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Neuropsychopharmacology. 1991 Nov;5(3):157-66.

Concentration-related effects of morphine on cognition and motor control in human subjects.

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Department of Psychology, University of Washington, Seattle 98195.


Morphine and other opioid analgesics may interfere with normal cognition and motor function when the drugs are used for long-term treatment of pain. We used individually tailored steady-state drug infusions to identify the nature and extent of cognitive and motor effects of the mu-receptor-selective opioid morphine in healthy volunteers. The tailored infusions allowed evaluation of cognitive and motor effects at three sequential, constant plasma concentrations of morphine in each subject. Compared with functional assessments obtained in a separate saline infusion day, infusions of morphine to plasma concentrations in the usual therapeutic range for analgesia caused significant impairments of some but not all elements of cognitive and motor function. The time needed to encode and process serially presented verbal information increased and the ability to maintain low consistent levels of force decreased during the morphine infusion. We also assessed verbal recall 3 hours after the morphine and saline infusions. Delayed recall of information presented during the morphine infusion was significantly impaired. Our results demonstrate that morphine can interfere with cognitive and motor performance at plasma drug concentrations within the usual therapeutic range.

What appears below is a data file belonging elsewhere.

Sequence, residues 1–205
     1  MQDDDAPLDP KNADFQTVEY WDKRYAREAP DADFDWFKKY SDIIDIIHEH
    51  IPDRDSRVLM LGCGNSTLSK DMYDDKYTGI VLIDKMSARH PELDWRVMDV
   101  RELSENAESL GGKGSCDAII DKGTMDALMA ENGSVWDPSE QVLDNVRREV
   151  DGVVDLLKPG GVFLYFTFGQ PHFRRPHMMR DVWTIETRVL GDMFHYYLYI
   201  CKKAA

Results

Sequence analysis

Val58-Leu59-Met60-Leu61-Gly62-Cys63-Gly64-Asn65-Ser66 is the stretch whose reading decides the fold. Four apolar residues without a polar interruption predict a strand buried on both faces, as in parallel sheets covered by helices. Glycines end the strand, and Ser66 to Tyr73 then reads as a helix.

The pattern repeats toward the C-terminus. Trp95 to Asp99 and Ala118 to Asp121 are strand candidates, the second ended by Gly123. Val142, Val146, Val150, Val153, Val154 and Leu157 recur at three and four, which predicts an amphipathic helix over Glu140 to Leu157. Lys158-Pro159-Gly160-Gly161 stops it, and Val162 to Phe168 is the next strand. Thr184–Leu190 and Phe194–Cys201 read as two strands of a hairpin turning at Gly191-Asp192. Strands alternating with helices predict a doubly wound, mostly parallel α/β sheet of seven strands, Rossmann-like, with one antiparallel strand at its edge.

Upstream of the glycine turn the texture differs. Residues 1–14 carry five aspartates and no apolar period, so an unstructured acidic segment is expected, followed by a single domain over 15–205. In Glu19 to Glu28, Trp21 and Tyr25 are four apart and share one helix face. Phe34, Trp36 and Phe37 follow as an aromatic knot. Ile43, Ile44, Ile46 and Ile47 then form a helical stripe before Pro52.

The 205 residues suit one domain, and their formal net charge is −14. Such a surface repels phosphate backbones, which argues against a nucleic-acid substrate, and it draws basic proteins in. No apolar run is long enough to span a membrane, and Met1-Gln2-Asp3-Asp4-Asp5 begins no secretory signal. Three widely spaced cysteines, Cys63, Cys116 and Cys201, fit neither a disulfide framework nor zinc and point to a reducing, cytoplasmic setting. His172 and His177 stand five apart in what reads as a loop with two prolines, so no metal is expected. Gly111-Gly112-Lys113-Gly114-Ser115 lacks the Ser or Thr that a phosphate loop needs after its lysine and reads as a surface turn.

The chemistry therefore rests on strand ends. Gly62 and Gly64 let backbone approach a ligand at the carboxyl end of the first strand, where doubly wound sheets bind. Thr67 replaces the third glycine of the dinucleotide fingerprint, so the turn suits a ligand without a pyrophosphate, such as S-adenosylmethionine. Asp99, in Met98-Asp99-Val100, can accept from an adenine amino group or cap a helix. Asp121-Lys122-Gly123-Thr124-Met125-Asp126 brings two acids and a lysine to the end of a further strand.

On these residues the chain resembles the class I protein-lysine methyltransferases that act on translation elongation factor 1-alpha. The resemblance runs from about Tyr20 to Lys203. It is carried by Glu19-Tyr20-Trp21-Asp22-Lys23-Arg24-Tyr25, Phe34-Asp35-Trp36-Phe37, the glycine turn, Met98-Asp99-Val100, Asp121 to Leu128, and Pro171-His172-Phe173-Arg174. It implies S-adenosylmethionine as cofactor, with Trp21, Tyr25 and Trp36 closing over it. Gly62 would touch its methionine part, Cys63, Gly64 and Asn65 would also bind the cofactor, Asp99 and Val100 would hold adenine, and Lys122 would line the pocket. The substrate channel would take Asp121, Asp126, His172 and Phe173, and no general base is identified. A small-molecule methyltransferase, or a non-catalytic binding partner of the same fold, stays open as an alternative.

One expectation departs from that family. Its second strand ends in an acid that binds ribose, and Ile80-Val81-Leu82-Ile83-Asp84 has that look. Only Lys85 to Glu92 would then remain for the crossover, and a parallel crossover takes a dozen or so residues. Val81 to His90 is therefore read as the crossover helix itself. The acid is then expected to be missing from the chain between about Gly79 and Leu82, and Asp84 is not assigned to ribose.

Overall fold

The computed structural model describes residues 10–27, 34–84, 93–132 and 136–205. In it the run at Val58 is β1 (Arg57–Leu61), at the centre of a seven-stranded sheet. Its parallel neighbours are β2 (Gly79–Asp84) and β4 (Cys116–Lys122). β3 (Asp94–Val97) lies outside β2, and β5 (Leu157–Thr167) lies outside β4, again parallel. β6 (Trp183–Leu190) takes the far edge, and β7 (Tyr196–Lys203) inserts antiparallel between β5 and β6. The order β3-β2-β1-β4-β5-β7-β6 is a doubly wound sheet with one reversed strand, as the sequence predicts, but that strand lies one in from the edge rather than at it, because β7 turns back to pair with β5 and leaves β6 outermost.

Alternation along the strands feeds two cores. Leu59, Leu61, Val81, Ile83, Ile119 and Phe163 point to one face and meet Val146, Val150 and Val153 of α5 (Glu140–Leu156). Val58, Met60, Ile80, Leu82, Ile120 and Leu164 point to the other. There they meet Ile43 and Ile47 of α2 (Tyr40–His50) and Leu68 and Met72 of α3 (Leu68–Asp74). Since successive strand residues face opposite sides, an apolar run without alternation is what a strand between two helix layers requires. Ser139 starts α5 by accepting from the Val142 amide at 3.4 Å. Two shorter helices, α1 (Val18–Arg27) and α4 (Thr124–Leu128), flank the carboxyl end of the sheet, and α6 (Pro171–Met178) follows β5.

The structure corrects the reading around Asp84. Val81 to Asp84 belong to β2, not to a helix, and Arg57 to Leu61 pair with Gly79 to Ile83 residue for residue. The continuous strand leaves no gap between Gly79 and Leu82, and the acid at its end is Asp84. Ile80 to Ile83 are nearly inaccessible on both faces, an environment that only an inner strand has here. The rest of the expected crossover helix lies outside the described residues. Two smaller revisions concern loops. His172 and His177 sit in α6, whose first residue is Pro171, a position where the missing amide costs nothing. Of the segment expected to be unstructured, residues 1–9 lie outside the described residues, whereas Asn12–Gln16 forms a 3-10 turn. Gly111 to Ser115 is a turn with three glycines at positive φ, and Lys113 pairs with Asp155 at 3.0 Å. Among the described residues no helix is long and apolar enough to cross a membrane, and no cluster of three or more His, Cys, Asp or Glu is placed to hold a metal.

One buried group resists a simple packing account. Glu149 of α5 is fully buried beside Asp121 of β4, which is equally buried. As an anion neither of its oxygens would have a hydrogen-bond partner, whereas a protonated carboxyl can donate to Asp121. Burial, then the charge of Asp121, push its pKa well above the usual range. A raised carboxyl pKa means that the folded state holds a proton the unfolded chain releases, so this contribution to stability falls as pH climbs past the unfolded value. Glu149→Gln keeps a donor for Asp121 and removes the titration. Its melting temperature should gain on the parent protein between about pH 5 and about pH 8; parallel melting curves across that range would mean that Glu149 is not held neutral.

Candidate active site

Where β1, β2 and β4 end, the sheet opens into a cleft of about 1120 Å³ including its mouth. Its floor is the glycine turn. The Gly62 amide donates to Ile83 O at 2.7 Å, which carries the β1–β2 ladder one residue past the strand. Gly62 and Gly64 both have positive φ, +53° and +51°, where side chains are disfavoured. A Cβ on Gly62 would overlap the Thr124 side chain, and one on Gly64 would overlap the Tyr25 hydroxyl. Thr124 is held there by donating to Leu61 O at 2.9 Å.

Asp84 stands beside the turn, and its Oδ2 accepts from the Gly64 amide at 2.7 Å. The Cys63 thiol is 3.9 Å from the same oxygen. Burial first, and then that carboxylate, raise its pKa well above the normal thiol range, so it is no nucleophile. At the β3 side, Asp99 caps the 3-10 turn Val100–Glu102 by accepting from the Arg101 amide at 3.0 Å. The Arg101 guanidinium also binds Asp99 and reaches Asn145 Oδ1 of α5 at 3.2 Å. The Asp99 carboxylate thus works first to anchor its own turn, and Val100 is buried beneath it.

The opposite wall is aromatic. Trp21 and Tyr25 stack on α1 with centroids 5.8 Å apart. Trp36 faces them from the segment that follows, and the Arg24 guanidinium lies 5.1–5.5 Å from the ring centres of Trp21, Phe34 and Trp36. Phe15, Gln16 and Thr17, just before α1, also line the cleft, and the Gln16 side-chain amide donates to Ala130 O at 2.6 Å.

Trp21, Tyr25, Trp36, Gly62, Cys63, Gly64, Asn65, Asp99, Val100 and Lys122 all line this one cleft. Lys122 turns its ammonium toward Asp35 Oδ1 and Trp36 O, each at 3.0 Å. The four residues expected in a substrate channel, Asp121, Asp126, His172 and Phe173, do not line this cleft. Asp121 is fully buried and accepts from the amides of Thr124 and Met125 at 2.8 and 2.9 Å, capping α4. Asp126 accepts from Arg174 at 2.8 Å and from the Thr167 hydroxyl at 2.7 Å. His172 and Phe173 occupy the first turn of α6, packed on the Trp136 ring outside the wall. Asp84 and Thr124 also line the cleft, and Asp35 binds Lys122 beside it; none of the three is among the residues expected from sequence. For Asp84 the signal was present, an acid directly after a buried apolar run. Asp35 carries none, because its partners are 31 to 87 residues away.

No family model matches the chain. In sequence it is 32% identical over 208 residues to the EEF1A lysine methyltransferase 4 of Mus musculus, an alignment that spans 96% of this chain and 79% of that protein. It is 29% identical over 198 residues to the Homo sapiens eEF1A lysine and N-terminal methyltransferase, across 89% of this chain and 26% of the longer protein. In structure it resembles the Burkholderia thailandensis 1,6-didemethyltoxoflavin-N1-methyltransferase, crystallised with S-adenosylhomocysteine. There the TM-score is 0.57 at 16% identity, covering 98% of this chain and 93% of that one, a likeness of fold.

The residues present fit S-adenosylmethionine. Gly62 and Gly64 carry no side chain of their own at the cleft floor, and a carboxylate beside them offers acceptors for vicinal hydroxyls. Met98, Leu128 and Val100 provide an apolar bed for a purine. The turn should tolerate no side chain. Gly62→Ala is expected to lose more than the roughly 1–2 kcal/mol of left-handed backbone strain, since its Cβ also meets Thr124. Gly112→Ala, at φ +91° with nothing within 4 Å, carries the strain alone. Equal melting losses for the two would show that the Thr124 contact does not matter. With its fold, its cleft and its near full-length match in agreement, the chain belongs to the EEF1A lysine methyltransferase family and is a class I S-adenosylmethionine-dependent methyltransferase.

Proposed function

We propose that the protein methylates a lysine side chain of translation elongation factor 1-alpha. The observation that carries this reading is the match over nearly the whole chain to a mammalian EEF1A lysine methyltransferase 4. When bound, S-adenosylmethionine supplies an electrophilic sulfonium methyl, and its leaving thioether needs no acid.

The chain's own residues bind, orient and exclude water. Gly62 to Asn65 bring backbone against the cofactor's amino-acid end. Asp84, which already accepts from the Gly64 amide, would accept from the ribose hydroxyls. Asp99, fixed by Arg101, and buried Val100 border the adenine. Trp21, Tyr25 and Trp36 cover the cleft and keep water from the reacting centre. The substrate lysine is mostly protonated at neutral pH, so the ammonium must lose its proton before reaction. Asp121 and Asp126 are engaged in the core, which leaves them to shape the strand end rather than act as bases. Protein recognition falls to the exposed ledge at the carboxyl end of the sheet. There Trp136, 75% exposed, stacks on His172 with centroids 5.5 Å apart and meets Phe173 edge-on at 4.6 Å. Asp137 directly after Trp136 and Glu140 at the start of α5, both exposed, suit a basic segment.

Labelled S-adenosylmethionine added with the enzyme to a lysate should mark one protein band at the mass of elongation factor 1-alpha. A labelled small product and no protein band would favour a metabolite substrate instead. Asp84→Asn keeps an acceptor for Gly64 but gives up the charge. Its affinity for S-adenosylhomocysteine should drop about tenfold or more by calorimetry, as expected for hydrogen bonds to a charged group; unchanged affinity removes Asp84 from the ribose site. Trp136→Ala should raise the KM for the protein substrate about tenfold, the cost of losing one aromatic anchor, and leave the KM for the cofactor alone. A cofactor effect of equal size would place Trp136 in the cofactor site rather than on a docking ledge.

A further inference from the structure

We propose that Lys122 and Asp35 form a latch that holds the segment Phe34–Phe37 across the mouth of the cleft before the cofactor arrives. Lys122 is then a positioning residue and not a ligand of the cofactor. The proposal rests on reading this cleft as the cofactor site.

[Indexed for MEDLINE]

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